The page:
Islet Cell Transplant and Pancreatitis
Investigating New Treatment for Pancreatitis
By Teresa Vonder Haar
More than 300,000 people in the United States are admitted each year to the hospital with acute pancreatitis, an inflammation of the pancreas, according to the National Institutes of Health.
The most common causes of this condition are gallstones and heavy alcohol use, says Luis F. Lara, M.D., a gastroenterologist who specializes in the treatment of the pancreas and physician on the medical staff at Baylor University Medical Center at Dallas.
“We believe most of the time it occurs because of a toxic effect of a substance on the pancreas or because of an obstruction that is causing the accumulation of the digestive enzymes that are formed in the pancreas,” he says.
Other causes of acute pancreatitis include abdominal trauma, medications, infections, tumors and genetic abnormalities of the pancreas.
Tests Can Reveal Condition
Symptoms of acute pancreatitis include sudden and severe upper abdominal pain that is often heightened after eating, back pain, nausea, vomiting and tenderness. The condition can be diagnosed through a blood test, which shows a higher digestive enzyme elevation or through imaging tests such as ultrasound, CT scan or MRI that will show the inflammation.
The condition usually lasts a couple of days and is treated with intravenous fluids, pain medications, and sometimes antibiotics in the majority of patients according to Dr. Lara.
But patients with gallstones have a high likelihood of another attack, he says. Likewise, if a patient continues to consume alcohol, they can have further inflammation and a return to the hospital.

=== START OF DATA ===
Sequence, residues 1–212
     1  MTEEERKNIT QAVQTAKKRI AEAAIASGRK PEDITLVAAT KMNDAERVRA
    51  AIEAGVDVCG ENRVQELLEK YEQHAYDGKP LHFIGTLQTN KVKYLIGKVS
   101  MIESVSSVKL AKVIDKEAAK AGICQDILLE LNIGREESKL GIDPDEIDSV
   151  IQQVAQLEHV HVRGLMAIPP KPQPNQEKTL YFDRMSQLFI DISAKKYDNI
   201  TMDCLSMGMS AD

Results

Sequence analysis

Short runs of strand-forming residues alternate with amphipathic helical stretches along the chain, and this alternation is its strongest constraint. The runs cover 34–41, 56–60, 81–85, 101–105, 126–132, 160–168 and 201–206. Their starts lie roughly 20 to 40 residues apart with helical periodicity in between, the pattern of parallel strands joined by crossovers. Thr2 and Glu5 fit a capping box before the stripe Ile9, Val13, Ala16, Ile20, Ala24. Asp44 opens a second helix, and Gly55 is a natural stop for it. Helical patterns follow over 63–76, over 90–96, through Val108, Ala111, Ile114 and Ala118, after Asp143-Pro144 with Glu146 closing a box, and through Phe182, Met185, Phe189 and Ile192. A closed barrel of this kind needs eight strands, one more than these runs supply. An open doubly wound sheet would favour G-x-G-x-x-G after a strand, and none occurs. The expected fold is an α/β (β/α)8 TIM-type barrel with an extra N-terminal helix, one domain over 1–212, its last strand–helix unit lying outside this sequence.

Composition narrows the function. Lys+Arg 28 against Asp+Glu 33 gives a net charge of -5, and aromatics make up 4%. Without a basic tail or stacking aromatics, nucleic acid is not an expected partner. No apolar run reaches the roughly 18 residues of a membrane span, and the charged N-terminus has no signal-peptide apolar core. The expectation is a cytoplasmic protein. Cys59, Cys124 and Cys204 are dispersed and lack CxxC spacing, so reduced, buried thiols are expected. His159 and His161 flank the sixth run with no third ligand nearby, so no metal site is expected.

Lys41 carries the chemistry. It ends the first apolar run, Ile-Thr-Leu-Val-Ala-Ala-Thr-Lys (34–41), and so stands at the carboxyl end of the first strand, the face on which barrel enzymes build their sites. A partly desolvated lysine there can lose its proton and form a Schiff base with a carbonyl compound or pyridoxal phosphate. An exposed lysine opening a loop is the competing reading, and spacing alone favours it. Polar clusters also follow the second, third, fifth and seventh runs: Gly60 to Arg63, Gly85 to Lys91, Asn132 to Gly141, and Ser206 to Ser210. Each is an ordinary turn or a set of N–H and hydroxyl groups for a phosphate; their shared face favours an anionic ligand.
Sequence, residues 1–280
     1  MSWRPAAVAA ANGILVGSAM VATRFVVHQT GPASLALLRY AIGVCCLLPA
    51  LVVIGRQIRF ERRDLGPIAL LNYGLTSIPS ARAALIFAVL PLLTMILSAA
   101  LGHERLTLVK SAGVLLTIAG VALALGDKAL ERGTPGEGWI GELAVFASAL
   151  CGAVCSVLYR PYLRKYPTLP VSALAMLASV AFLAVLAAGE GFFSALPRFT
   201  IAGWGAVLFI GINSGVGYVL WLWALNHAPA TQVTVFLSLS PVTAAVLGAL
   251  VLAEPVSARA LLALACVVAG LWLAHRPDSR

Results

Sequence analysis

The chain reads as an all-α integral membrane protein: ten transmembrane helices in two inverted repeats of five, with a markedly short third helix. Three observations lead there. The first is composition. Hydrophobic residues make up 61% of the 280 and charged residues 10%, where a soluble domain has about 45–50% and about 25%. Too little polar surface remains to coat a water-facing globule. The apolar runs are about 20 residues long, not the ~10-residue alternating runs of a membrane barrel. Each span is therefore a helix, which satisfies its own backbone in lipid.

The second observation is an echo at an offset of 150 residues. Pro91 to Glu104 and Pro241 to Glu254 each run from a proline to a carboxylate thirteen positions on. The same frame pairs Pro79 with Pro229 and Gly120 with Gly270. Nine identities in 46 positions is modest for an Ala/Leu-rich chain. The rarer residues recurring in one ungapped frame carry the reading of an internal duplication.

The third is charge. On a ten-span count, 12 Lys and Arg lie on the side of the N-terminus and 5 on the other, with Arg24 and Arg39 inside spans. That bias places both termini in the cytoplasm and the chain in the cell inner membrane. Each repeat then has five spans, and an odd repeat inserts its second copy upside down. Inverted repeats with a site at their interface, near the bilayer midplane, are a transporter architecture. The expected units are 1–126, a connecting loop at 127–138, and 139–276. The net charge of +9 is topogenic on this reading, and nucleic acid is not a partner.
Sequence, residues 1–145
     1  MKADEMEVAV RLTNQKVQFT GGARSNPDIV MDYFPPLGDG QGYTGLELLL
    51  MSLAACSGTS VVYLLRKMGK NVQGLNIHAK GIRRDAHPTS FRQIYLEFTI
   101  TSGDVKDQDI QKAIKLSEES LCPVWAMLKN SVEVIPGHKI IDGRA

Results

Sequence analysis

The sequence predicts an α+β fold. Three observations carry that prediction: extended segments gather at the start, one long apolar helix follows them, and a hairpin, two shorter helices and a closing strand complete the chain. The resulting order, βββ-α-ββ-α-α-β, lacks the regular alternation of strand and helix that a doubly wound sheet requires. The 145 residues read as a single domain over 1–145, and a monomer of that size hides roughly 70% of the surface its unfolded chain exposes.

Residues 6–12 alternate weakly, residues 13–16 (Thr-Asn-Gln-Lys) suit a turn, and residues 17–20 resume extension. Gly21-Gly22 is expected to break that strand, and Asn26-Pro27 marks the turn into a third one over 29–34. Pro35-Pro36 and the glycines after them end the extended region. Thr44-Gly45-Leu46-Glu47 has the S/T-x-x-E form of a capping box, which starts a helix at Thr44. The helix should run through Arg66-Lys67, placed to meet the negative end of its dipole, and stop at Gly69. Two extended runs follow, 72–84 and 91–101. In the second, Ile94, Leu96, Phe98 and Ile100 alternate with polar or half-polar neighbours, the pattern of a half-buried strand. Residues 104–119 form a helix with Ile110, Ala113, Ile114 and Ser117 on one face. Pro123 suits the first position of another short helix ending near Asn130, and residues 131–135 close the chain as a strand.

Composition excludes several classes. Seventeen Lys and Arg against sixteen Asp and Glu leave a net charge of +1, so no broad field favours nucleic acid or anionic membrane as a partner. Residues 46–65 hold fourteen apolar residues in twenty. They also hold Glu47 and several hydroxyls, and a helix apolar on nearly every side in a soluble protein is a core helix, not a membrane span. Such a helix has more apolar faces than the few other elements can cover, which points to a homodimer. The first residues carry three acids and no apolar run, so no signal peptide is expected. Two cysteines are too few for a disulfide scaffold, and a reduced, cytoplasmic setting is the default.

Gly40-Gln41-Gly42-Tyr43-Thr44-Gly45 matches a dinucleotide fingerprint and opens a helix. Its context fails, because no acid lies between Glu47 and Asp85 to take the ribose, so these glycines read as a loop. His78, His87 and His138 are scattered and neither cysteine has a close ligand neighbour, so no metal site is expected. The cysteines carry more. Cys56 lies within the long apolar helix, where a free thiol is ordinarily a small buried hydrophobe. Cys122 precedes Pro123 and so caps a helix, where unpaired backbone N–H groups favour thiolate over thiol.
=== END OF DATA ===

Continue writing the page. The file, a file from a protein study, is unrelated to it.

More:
This condition can lead to chronic pancreatitis.
While rare, chronic pancreatitis is scarring and chronic inflammation of the pancreas that does not heal, and can lead to diarrhea, diabetes and abdominal pain.
The chronic condition may also be due to a genetic disorder, and in some cases can increase the risk of pancreatic cancer.
“Chronic pancreatitis requires close monitoring, and taking away offending factors like alcohol,” Dr. Lara says. “Smoking also can accelerate the condition, so we recommend eliminating it too.” Some patients may benefit from endoscopic or surgical interventions to alleviate the pain.
Research Using the Pancreas Islets
The Liver and Pancreas Center at Baylor Dallas started the program several years ago to treat chronic pancreatitis using the person’s own pancreas islets , which are extracted after removing the pancreas, and then infused the islets back into the patient’s liver. This helps control the pain, but also sustains insulin production, avoiding diabetes.
The medical center was the first in Texas to gain FDA approval to process pancreatic islets for transplantation and is the only hospital in the Southwest performing islet transplantation from its own lab.
Islet auto-transplantation is a “highly selected procedure,” according to Dr. Lara. It is reserved for patients who have intractable pain due to chronic pancreatitis. “The goal is to try to prevent diabetes after the removal of the pancreas.” Other indications for islet auto-transplant are also being studied.POINTS OF CONTACT